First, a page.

THEME 2: Methodological developments to determine macro, micro and nano plastics
Key findings presented by Jóhann Sigurjónsson (former Director, Marine Research Institute)
Reporting on the session on methodological developments in nano-, micro-, and macroplastics has been a challenging yet enlightening task. The discussions during the session provided valuable insights into the disciplined nature of plastics scientists, who adhered to time constraints, reflecting the critical importance of methodological advancements in the theme of the conference.
While the field has witnessed significant progress, the pervasive issue of plastics is relatively recent for many researchers, and long-term monitoring poses challenges. Achieving a comprehensive understanding of the current situation and identifying effective pathways forward necessitates harmonized methods across different geographical contexts. Several speakers highlighted the need for standardization and harmonization in addressing this challenge.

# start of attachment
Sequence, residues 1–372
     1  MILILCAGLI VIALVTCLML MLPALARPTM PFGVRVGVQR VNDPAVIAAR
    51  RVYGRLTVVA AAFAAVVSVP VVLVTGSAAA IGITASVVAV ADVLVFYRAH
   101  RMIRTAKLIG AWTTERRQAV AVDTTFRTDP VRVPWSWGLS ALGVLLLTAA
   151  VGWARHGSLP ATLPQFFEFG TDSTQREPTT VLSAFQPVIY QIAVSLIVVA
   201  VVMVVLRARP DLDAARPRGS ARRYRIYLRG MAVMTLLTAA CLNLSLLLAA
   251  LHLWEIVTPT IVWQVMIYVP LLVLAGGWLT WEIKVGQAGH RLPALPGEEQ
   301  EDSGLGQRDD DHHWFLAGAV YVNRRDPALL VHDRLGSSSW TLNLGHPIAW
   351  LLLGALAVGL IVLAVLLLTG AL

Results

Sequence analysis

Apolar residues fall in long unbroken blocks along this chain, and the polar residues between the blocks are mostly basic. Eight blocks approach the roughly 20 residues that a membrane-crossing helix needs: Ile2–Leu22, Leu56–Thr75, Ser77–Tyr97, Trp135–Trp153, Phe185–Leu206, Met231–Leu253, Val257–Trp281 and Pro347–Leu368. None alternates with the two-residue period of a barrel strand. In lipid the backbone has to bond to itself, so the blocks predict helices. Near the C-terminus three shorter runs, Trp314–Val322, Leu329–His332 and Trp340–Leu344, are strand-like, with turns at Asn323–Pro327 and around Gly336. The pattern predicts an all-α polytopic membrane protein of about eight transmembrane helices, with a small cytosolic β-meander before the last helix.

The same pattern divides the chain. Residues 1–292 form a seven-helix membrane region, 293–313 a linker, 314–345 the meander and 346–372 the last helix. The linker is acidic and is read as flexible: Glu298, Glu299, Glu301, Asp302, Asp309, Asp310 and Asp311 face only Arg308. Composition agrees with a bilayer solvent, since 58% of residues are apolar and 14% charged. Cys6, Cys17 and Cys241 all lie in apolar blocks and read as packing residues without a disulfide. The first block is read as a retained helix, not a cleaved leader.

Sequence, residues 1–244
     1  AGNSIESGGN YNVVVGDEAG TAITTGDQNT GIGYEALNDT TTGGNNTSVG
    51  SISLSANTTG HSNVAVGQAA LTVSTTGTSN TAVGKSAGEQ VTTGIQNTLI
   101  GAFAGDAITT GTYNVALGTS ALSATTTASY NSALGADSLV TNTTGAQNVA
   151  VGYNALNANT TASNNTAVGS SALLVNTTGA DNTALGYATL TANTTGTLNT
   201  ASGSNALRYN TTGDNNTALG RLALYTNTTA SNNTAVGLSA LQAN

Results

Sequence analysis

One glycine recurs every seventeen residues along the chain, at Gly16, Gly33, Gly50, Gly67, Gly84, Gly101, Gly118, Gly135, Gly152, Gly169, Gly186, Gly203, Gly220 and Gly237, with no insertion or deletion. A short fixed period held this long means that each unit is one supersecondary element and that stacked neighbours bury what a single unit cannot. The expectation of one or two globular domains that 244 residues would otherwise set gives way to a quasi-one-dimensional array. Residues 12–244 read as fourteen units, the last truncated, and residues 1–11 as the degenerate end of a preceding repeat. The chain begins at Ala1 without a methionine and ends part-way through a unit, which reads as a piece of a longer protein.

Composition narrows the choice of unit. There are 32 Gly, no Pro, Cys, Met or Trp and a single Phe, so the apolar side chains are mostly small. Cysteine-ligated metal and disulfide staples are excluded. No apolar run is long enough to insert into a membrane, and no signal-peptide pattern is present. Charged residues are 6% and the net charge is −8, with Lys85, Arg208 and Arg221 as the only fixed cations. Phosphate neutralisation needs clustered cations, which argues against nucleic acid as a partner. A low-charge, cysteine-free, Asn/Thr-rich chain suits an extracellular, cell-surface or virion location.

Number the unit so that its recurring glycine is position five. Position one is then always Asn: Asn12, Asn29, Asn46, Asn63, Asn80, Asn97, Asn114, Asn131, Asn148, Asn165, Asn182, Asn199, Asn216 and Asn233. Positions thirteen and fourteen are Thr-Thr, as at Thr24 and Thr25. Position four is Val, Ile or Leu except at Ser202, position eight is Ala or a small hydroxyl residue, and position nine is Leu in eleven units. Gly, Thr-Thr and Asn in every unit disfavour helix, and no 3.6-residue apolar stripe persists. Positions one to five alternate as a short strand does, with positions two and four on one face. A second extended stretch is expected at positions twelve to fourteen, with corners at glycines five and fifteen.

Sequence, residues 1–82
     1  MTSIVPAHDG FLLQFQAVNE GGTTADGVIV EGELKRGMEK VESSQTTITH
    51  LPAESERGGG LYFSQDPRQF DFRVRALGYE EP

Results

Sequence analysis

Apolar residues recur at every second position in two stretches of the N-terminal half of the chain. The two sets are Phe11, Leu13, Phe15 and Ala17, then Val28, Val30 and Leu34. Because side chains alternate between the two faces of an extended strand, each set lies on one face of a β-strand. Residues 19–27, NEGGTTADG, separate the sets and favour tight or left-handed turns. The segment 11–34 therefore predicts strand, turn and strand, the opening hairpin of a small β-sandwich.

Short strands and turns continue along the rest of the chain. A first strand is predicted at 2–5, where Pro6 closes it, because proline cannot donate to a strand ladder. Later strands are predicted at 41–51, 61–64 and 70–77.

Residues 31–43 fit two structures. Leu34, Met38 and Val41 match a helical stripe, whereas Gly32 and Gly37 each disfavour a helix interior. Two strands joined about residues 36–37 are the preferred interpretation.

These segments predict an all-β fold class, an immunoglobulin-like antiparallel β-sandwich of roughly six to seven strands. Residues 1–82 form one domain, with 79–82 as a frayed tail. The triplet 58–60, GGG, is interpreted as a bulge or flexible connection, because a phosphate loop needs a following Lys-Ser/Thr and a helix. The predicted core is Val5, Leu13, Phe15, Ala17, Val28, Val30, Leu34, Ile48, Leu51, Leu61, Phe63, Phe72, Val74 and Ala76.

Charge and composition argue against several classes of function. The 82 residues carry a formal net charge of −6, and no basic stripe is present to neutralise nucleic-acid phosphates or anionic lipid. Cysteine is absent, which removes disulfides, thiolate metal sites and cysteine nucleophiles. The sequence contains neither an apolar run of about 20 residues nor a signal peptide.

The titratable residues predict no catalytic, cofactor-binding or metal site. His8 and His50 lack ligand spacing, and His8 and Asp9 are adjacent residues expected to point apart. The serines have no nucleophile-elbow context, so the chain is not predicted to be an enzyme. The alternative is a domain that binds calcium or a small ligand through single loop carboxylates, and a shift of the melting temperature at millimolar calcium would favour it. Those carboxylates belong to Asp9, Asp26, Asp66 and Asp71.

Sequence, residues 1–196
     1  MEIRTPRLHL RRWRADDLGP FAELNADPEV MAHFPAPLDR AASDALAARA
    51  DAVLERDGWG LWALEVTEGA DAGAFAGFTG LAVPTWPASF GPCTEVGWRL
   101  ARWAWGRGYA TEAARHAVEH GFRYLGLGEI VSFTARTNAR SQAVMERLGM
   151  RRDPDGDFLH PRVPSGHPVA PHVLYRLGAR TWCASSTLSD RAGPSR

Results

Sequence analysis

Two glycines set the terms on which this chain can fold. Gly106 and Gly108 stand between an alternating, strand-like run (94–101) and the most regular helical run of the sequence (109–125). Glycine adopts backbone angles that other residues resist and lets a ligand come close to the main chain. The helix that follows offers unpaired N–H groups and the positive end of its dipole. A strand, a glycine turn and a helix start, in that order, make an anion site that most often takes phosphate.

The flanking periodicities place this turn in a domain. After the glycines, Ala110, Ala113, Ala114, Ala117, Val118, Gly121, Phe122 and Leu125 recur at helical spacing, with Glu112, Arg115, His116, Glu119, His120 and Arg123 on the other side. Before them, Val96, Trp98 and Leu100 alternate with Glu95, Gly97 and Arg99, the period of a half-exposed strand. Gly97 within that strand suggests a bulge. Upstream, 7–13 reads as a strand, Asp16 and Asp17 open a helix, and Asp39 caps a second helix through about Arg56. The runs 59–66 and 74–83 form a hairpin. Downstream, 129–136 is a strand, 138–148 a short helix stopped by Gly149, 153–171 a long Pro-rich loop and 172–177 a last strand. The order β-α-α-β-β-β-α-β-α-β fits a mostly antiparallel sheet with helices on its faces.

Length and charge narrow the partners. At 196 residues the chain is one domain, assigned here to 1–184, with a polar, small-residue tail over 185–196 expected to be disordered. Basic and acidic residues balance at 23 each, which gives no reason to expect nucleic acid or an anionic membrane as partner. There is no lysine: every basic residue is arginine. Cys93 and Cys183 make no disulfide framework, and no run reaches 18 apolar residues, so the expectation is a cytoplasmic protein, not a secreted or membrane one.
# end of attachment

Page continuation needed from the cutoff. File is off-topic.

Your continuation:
The complexity of plastics research was emphasized, given the diverse nature of plastic materials. The inclusion of artificial intelligence (AI) as a new method and the exploration of appropriate research methods were key points of discussion. The critical question emerged: how can we best support the development and identification of appropriate research methods?
The final point underscored the importance of making information relevant to society, policy, and other stakeholders. This aspect was deemed equally crucial as the research itself, emphasizing the need for widespread collaboration and careful dissemination of accurate information. Acknowledging the role of international bodies, the session participants highlighted the significance of coordinated efforts, with organizations like AMAP serving as exemplary leaders in leveraging expertise from diverse countries. The collective agreement emphasized the need for a united front in addressing the global challenge of plastic pollution.
THEME 3: Sources and transport of plastic in the Arctic and sub-Arctic
Key findings presented by Eirini Glyki (Science Professional Officer, ICES)